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Tattle | Lip bomb: Suit says Hatcher backed rival gloss

TERI HATCHER is being sued for $2.4 million by Hydroderm for promoting the wrong lip gloss. Hydroderm's suit, filed in L.A. Tuesday, claims that a 2005 endorsement agreement with Teri's production company stipulated she wouldn't endorse competing products.



is being sued for $2.4 million by Hydroderm for promoting the wrong lip gloss.

Hydroderm's suit, filed in L.A. Tuesday, claims that a 2005 endorsement agreement with Teri's production company stipulated she wouldn't endorse competing products.

But according to the suit, Teri also began puckering up to CityLips, a lip plumper that competes with Hydroderm's Volumizing Lip Serum.

She appeared in promotional materials for CityLips, said she was a "fan" of the product, credited it with "helping her appear beautiful at an awards event," and gave CityLips gift bags to guests at her birthday party.


"Hatcher's name, image and likeness have been linked to so many competitors' products (at least 17!) that it is anyone's guess as to what product keeps her skin and lips youthful," the suit said.

But Teri's attorney Alan

Wertheimer called the suit an "unjustified and public assault on Teri Hatcher's good name, reputation and celebrity in a transparent and pathetic effort to distract from its own failure to live up to its end of the agreement."

Wertheimer said Hatcher complied with all of her contractual obligations despite "a frustrating series of changes in the ownership and management of Hydroderm over the last several years."

* Andrae "Doc" Renard Newman, one of Lindsay Lohan's ex-bodyguards is suing Star magazine in L.A. Superior Court, alleging he was misidentified as Lee Weaver, another of Lindsay's ex-bodyguards, in a caption accompanying the July 25, 2007, article, "Lindsay's Bodyguard Bares All! Her Sick Secret World."

As Weaver was the one who bared all and Newman was the one pictured, he says that his reputation as a celebrity bodyguard was damaged because potential clients demand privacy and trustworthiness, and that he could lose his job as a security guard at a Hollywood club.

"All the people in this industry sign confidentiality agreements and he's no exception," said Newman's attorney, Greg Stone. "Even if he didn't sign, he would never kiss and tell or disclose confidences. People trust this guy."

* Baltimore driving-school owner Michael Psenicska is suing the makers of "Borat," accusing them of lying to him as to what the film was really about.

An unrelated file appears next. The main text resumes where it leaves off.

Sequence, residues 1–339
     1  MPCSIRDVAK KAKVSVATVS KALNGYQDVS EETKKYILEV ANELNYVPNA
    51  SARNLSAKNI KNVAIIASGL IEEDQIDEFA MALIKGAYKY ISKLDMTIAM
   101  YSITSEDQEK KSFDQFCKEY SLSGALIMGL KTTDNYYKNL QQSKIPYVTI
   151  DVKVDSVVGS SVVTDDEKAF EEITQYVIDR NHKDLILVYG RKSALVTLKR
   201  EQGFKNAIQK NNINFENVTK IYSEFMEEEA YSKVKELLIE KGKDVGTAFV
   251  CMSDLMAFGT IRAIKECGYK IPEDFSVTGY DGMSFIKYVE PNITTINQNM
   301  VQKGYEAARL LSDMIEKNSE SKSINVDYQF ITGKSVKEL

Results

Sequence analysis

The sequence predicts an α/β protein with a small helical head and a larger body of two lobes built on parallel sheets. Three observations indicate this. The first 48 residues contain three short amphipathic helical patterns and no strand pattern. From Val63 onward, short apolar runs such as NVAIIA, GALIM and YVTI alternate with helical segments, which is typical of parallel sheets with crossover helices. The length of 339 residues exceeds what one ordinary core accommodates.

The suit, filed in NYC, seeks $100,000 in compensatory damages and unspecified punitive damages, saying defendants including Twentieth Century Fox Film Corp. and star Sacha Baron Cohen used images of him extensively in advertising the film.

"Borat," in which Cohen plays an uncouth Kazakh journalist traveling across the U.S. and A. in pursuit of Pamela Anderson, has already generated more suits than Boyd's.

According to Psenicska's suit, the filmmakers promised him that they were producing a documentary about the integration of foreigners into the American way of life, a subject that interested him because he was in the business of teaching foreigners to drive.

Maybe those "documentary" scenes are in the "Special Film We Weren't Trying to Make" DVD version.

"He signed a release, and we have an agreement," Fox spokesman Greg Brilliant said. "Now, 2 1/2 years after giving his consent and more than one year after the movie was released, Mr. Psenicska has decided to file a lawsuit, citing the financial success of the film, in spite of our agreement."


* Jack Jordan, a former mental patient accused of stalking Uma Thurman, yesterday refused to plead guilty to attempted coercion, a felony the court would have reduced to a misdemeanor once he completed at least a year of a mental-health program.

Attorney George Vomvolakis said Jordan, a graduate student at Mills College in Oakland, Calif., who lives with his parents (in Massachusetts), would consider pleading guilty to a misdemeanor.

* Buddy Dallas and Alford Bradley, two former trustees for James Brown's estate, claim the judge handling the disputes over Brown's bucks forced them out.

They said in court documents filed Tuesday they want to retract their resignations, claiming Judge Jack Early used "improper judicial influence," the Augusta (Ga.) Chronicle reported.

"The ultimate goal is for Mr. Brown's wishes to be carried out," Dallas said yesterday.

And if those wishes included his estate being mismanaged, so be it.

* Charges were dropped against Jonathan Rhys Meyers yesterday after his lawyer expressed remorse for his being drunk and abusive at Dublin Airport.

If Tattle's friend expresses remorse for speeding on Route 309, could a judge drop his ticket?

'No Country' is No. 1

The Oscars are coming, the Oscars are coming.

Getting the jump as it usually does on award season is the National Board of Review of Motion Pictures, which yesterday named the Coen Brothers' "No Country for Old Men," the best film of 2007.

Other winners included Tim Burton for his direction of "Sweeney Todd" (opening Dec. 21), George Clooney as best actor in "Michael Clayton" and Julie Christie as best actress for "Away From Her."

In the supporting-acting categories, Casey Affleck won for "The Assassination of Jesse James by the Coward Robert Ford" and Amy Ryan won for "Gone Baby Gone."

Diablo Cody ("Juno") and Nancy Oliver ("Lars and the Real Girl") tied for best original screenplay.

"The Diving Bell and the Butterfly" (opening Dec. 19) was chosen best foreign-language film and "Ratatouille" won for animation.

Formed 98 years ago, the board is composed of film historians, students and educators, hence the ridiculous omission of "Superbad." *

Daily News wire services contributed to this report.

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